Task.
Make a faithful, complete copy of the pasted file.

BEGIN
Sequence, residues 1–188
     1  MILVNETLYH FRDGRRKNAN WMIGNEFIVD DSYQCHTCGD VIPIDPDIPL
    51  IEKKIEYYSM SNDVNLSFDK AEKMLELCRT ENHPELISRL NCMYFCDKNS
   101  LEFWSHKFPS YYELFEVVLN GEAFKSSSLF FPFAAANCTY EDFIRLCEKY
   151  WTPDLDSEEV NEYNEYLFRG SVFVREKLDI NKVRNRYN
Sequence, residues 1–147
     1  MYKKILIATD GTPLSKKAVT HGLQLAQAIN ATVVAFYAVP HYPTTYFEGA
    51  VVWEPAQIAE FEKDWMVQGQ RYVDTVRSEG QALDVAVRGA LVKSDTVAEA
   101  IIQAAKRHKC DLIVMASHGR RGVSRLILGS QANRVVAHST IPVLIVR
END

Sequence, residues 1–188
     1  MILVNETLYH FRDGRRKNAN WMIGNEFIVD DSYQCHTCGD VIPIDPDIPL
    51  IEKKIEYYSM SNDVNLSFDK AEKMLELCRT ENHPELISRL NCMYFCDKNS
   101  LEFWSHKFPS YYELFEVVLN GEAFKSSSLF FPFAAANCTY EDFIRLCEKY
   151  WTPDLDSEEV NEYNEYLFRG SVFVREKLDI NKVRNRYN
Sequence, residues 1–147
     1  MYKKILIATD GTPLSKKAVT HGLQLAQAIN ATVVAFYAVP HYPTTYFEGA
    51  VVWEPAQIAE FEKDWMVQGQ RYVDTVRSEG QALDVAVRGA LVKSDTVAEA
   101  IIQAAKRHKC DLIVMASHGR RGVSRLILGS QANRVVAHST IPVLIVR